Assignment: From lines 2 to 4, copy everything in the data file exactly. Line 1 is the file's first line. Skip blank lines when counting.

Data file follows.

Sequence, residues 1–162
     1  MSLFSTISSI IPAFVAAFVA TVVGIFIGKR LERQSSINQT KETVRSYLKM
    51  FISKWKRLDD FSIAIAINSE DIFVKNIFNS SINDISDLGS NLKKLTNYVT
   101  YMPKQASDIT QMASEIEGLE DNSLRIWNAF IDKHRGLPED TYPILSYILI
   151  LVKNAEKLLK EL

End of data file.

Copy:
     1  MSLFSTISSI IPAFVAAFVA TVVGIFIGKR LERQSSINQT KETVRSYLKM
    51  FISKWKRLDD FSIAIAINSE DIFVKNIFNS SINDISDLGS NLKKLTNYVT
   101  YMPKQASDIT QMASEIEGLE DNSLRIWNAF IDKHRGLPED TYPILSYILI